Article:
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New Delhi, NFAPost: The government had released a draft in February 2019 on ecommerce policy that had provided for regulating cross-border data flows, setting up storage facilities locally and establishing a ‘data authority’ to devise a framework for sharing community data.

Department for the Promotion of Industry and Internal Trade (DPIIT) Secretary Guruprasad Mohapatra said that work is going on to draft a new e-commerce policy that will cover various crucial issues, ranging from data protection to consumer rights, and if required a regulator for the sector may be set up.

As per Guruprasad Mohapatra, it will also cover areas like the issue of counterfeit products sold via online platforms and packaging and rules of origin.

Counterfeit products

Commenting on the broad spectrum that will be covered under the new e-commerce policy, Guruprasad Mohapatra asked who should be accountable for counterfeit products sold through an e-commerce company? Data is an important issue.

“The entire data issue will be governed by what actually the data law will be, which is before Parliament. That is why we are not in a hurry to finalise it (the policy)… So, whatever will be the final outcome of that data bill, it will apply to everybody who will deal with data,” said Guruprasad Mohapatra.

He also mentioned that ecommerce is not just about foreign direct investment (FDI) in it; it covers a large spectrum of issues.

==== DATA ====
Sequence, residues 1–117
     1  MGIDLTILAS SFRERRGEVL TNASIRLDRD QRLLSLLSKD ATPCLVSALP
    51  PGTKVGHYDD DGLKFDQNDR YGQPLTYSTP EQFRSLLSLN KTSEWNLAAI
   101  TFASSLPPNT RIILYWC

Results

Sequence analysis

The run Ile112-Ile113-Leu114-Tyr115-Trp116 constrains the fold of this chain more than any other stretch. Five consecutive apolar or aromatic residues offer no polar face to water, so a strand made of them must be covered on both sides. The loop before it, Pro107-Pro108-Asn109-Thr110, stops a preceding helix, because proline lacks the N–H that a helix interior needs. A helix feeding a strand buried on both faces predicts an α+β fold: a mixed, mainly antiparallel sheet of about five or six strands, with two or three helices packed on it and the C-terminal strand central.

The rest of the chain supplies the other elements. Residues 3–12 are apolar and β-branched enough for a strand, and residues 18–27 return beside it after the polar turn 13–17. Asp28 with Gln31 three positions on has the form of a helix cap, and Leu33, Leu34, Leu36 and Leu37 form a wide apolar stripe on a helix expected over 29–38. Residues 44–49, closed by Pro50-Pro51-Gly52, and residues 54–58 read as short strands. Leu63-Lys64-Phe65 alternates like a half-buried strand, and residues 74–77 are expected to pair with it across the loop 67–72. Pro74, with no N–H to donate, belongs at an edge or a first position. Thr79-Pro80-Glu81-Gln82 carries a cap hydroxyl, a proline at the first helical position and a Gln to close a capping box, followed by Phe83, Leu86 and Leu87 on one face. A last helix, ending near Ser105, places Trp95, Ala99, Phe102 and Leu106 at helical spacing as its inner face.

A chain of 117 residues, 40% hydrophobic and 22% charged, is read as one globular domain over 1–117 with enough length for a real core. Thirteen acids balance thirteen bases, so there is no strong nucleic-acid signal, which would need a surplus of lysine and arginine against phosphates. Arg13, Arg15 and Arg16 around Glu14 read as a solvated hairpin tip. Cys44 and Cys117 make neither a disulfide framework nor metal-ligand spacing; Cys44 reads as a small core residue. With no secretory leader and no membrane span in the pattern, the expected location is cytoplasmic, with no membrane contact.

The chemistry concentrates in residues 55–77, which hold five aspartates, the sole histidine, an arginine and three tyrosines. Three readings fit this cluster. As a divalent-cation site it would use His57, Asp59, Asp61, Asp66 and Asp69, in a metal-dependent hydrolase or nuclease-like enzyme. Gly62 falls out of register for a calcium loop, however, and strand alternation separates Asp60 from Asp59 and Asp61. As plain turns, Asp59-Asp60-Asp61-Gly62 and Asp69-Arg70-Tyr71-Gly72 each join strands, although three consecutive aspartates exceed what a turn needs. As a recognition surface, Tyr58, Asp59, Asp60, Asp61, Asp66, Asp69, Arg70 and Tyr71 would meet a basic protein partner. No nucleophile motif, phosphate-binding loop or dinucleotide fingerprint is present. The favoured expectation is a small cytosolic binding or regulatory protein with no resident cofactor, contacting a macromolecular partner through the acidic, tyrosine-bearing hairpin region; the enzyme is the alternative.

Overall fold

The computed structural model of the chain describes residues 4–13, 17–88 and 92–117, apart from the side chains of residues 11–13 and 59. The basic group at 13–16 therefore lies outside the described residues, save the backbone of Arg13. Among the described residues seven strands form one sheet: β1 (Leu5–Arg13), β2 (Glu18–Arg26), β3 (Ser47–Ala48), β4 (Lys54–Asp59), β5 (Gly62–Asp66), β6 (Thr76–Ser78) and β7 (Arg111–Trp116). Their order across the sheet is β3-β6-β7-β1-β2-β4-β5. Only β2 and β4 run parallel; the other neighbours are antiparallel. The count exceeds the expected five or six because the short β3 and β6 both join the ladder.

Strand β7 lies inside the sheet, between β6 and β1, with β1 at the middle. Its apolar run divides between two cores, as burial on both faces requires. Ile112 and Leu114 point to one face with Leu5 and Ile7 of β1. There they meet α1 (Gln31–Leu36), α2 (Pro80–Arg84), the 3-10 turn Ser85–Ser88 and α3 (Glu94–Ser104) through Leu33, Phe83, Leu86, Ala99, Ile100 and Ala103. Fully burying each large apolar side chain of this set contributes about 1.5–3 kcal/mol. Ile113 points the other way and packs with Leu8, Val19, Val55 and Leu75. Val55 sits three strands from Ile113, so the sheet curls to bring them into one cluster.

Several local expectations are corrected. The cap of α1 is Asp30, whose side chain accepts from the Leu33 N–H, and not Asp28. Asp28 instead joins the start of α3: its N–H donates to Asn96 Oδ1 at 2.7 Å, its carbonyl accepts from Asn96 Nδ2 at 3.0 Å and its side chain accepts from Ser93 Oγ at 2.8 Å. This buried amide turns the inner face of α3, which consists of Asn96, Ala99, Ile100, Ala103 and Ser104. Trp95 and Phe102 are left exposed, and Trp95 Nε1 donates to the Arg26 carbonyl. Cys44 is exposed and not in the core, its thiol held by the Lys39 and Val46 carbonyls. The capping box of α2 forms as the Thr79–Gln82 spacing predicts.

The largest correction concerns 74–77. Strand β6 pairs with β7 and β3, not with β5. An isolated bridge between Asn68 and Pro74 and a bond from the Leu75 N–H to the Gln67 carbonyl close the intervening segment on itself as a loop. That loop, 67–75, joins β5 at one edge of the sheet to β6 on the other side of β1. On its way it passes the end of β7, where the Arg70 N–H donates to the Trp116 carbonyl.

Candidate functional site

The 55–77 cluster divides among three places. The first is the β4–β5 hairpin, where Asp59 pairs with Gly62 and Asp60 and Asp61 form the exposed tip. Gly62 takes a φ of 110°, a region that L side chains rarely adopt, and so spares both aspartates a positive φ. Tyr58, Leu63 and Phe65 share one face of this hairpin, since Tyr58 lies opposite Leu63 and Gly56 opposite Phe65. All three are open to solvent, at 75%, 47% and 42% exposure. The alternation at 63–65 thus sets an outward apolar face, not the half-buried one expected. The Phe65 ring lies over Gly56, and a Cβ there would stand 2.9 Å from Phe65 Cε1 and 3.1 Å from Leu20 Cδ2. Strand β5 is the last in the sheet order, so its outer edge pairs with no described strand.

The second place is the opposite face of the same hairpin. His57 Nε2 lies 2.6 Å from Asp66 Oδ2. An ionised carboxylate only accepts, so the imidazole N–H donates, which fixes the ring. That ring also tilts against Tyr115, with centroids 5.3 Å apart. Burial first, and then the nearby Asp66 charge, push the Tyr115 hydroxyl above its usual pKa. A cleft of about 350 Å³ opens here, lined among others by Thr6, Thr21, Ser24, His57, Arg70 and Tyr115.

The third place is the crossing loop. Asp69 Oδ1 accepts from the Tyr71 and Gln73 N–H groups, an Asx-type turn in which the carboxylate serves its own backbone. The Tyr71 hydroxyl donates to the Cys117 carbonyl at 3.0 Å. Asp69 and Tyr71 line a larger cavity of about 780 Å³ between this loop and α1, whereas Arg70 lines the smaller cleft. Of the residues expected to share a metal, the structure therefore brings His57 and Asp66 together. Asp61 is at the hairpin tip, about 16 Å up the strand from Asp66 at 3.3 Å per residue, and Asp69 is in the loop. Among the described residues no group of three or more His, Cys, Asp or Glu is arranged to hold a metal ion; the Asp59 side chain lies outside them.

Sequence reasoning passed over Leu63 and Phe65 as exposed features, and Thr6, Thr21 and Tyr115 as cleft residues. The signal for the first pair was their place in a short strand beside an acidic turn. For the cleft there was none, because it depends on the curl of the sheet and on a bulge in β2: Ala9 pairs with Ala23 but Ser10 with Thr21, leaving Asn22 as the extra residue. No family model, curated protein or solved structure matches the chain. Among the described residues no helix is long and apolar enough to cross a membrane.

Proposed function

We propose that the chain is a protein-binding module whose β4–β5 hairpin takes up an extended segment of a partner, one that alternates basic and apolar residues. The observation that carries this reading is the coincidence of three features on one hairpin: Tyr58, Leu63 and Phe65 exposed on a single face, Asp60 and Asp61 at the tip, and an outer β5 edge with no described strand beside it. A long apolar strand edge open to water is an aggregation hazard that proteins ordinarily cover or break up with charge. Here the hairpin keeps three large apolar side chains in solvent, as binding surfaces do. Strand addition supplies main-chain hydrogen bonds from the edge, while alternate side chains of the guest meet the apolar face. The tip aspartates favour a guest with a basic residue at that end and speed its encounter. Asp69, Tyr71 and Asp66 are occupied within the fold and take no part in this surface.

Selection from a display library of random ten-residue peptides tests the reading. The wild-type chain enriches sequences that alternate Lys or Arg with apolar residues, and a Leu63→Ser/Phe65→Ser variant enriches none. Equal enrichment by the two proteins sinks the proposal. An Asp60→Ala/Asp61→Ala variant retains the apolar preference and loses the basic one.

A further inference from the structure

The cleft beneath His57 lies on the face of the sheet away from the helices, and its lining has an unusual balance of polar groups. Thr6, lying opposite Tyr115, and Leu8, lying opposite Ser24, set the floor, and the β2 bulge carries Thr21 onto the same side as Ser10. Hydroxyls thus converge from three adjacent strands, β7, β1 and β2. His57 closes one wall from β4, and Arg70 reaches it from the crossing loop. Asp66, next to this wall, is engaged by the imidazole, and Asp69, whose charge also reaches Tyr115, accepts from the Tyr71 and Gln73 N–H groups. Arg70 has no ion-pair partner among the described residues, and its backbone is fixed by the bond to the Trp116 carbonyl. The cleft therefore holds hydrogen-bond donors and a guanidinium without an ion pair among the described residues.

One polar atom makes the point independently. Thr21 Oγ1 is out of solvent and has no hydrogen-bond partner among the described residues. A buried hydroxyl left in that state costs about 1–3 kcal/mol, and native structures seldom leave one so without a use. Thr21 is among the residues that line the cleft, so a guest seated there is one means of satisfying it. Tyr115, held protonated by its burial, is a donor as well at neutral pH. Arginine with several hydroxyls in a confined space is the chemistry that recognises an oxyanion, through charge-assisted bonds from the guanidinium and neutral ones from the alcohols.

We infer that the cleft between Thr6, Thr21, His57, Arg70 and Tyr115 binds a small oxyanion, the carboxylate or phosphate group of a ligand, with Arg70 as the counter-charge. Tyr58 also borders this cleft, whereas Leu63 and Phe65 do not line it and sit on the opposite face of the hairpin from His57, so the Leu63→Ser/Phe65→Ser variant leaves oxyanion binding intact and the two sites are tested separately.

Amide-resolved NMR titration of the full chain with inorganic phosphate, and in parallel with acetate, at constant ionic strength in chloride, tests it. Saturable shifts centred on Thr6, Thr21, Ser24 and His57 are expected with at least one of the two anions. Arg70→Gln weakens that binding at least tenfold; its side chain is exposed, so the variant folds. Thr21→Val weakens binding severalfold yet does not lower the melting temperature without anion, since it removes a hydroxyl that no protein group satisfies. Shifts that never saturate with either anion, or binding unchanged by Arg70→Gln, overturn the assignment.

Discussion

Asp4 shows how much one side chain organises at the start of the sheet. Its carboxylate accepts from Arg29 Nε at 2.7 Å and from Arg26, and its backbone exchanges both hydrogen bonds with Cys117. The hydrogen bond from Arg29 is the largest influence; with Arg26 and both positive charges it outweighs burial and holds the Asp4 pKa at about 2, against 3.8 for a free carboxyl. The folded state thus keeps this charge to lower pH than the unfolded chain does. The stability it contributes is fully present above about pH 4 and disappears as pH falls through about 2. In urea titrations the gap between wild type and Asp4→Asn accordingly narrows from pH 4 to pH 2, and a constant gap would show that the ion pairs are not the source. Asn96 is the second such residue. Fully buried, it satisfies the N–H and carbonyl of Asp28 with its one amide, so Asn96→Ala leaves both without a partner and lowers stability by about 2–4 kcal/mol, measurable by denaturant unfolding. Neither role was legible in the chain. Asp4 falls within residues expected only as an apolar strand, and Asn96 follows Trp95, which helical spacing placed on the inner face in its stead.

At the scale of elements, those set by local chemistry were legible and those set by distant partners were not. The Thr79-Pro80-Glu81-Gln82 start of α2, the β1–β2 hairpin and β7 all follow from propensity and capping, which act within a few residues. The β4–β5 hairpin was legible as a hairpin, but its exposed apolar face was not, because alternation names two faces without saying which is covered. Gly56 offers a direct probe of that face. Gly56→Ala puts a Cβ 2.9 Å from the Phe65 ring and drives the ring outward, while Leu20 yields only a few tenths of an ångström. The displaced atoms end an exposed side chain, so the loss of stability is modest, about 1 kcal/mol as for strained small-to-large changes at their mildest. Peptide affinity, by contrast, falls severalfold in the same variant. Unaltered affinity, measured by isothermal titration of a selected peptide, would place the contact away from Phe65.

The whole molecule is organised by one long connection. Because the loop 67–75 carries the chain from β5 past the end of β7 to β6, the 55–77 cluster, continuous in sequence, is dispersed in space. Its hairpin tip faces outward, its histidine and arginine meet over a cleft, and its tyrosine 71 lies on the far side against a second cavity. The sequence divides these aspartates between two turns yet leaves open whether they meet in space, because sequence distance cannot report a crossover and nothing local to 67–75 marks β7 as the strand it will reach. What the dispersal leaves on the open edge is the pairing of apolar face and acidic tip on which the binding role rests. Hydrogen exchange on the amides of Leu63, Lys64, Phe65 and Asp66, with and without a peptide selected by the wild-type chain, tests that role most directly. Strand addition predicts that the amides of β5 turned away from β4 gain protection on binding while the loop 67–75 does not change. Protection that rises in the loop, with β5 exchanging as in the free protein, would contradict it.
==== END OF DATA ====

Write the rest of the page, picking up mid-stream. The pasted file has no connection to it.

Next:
In February 2019, the government had released a draft ecommerce policy that had provided for regulating cross-border data flows, setting up storage facilities locally and establishing a ‘data authority’ to devise a framework for sharing community data.

Electronic transmission

Emphasizing on the point that the country and its citizens had a “sovereign right” over data, the policy rejects sensitive data to be collected and processed locally but stored abroad from being shared with foreign governments and businesses outside India or any such third party even with the consent of the customer.

The draft policy had also proposed to grant companies three years to set up storage. It also sought a review of the extant policy of exempting electronic transmission from customs duty “in the light of the changing digital economy and the increased role that additive manufacturing is expected to take”.

Subsequently, the government sought to revise the draft. According to the new draft policy that is being firmed up, the government may set up an investigation body to “holistically inquire” into the violation of various laws by e-commerce entities and initiate action.

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